America's Cup- Changes in attitudes? No, same old platitudes.
by Bob Fisher on 6 Sep 2013
Like many of the pre-match press conferences of the past, that held on Thursday in San Francisco was unrevealing.
34th America’s Cup - Final Match - Opening Press conference - James Spithill (Oracle Team USA), The America’s Cup Trophy, Dean Barker (Emirates team New Zealand) ACEA - Photo Gilles Martin-Raget © http://photo.americascup.com/
The teams each fielded two principal sailors who preened themselves and batted all the questions into touch. They universally avoided any of the contentious questions that have arisen from recent official deliberations and stuck strictly to their party lines.
Jimmy Spithill and John Kostecki appeared for Oracle Team USA, while for Emirates Team New Zealand Dean Barker and Glenn Ashby held sway. It demonstrated what Spithill later referred to as: 'Welcome to the New World' as there were only two who were national representatives of their teams – Kostecki is American and Barker a Kiwi.
When Oracle was on the water the previous day, she had demonstrated a new turn of speed – foil gybing and not dropping below 37 knots. The wind at the time was close to the maximum 23 knots allowed, more than either boat had seen before.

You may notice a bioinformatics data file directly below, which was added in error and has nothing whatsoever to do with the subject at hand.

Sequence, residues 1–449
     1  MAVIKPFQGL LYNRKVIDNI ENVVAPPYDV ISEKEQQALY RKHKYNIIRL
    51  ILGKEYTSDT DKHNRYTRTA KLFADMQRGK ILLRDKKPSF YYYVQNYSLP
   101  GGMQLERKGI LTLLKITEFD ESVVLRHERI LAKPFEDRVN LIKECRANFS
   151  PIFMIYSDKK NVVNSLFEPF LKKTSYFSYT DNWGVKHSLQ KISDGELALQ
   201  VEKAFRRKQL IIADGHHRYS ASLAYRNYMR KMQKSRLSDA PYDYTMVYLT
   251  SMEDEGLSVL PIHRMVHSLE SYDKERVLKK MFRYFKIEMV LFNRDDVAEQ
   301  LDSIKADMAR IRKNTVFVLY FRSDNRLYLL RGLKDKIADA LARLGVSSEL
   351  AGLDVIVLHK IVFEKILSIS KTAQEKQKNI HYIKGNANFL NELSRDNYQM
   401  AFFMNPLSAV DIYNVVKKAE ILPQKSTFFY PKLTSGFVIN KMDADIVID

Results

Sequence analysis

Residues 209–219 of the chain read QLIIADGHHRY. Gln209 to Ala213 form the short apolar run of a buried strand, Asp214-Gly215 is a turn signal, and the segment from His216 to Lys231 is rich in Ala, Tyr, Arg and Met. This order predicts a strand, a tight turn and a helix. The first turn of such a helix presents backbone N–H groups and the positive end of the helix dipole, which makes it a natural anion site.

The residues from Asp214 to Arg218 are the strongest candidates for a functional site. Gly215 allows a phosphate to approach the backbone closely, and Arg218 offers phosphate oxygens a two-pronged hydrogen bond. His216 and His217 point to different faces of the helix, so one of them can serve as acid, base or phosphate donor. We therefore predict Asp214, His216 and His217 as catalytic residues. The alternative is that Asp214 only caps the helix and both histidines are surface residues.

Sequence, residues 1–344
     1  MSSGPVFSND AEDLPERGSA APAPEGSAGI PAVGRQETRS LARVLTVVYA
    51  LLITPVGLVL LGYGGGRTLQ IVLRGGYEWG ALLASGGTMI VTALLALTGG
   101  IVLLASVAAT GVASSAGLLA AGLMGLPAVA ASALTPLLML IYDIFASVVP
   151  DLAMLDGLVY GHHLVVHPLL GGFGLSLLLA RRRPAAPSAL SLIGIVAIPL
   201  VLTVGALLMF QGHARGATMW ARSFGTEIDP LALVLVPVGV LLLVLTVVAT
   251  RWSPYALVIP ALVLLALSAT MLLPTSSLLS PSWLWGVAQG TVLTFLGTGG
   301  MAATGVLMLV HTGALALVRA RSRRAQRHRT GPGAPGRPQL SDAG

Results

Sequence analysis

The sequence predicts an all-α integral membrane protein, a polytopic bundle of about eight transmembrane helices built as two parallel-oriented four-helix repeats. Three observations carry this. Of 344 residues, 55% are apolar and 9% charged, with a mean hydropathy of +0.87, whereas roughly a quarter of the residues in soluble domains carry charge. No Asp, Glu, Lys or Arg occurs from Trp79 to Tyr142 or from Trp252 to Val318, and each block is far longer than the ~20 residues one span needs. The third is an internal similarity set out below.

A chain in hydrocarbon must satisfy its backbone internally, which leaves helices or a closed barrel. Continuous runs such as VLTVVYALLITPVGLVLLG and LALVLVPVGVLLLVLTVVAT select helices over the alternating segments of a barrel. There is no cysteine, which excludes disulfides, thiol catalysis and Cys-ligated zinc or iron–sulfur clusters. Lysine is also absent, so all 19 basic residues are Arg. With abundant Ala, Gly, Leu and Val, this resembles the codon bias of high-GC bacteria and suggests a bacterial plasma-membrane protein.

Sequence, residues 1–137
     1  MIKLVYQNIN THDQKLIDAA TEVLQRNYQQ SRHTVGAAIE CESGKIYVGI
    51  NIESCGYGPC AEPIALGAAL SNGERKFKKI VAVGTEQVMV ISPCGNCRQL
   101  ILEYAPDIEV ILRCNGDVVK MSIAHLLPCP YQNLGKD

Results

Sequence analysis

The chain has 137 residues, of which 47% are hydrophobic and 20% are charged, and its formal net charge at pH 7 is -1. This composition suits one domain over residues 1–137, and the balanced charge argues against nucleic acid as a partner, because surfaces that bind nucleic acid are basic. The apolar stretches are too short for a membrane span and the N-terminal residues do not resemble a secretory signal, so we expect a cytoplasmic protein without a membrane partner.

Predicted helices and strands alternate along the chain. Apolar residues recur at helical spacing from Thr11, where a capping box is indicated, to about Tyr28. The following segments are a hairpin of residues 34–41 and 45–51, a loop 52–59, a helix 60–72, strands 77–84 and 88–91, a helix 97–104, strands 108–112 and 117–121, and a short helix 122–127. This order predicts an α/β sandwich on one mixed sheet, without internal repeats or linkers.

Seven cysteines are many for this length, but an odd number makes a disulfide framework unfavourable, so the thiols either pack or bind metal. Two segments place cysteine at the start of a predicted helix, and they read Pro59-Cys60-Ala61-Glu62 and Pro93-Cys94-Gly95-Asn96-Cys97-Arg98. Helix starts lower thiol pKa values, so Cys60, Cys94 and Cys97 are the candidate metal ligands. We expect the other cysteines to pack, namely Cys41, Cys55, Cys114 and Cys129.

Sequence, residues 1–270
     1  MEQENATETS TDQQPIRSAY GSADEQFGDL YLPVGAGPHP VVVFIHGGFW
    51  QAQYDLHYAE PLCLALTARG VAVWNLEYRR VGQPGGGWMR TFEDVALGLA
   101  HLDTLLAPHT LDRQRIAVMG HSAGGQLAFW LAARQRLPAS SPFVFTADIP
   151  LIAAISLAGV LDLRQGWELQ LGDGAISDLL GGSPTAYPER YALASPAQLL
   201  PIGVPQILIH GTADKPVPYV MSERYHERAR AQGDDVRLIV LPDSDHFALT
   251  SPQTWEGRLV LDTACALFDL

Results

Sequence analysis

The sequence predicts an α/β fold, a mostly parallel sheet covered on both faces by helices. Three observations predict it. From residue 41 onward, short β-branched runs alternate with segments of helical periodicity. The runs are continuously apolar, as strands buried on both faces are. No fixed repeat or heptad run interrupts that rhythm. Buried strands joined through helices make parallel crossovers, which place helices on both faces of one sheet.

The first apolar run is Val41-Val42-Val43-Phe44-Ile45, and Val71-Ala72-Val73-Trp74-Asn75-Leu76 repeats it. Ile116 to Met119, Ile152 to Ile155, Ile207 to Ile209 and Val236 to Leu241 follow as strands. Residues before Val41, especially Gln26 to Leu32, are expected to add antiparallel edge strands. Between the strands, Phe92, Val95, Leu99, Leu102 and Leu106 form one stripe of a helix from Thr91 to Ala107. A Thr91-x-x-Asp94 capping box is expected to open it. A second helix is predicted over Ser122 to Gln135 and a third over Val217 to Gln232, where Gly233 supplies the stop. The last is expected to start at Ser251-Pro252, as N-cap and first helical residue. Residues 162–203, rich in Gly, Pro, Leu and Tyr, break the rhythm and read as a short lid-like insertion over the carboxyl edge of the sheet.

Qualified observers, who have seen the boats throughout this Cup summer, have reservations about the Emirates Team New Zealand boat, suggesting that there are problems with the longitudinal stability. The now notorious bow burying during a Louis Vuitton Cup race that resulted in two grinders being washed overboard, may have contributed to this thinking.
No one was prepared to elaborate on the findings of the International Jury that sat in judgment on the allegations of cheating by various members of the Oracle team that has resulted in the banning of its prime wing trimmer, Dirk de Ridder, members of the shore crew, the partial banning of boat captain Matthew Mitchell and the lost of its first two wins in the America’s Cup match. It was blustered off.
John Kostecki, who is de Ridder’s brother-in-law, seemed unrepentant about what he had done to the team: 'We will miss him. The best thing we can do for him is win the America’s Cup.' This of the man that the International Jury found that 'he gave instruction or direction to add weight to the forward king post [of the AC-45]; knew the weight had been added; knew it was a breach of the AC-45 Class Rule; and did not tell the truth in the hearing in this regard.'
As to the outcome - Barker said: 'It will be a very close battle and we are excited about the forthcoming racing.' Spithill admitted: 'We have lost two races, but we have a fantastic [sailing] team and a fantastic shore crew and we have been pretty successful here in the past.
Glenn Ashby, the ETNZ wing trimmer, suggested that the pre-starts would be fantastic. 'We have the two most technologically advanced sailing boats on the planet,' he said, 'and so it must be exciting.' One can only hope that he is correct, but one equally hopes that the outcome is not quite in line with his view of the attitude of the two skippers: 'They probably both want to kill each other!'
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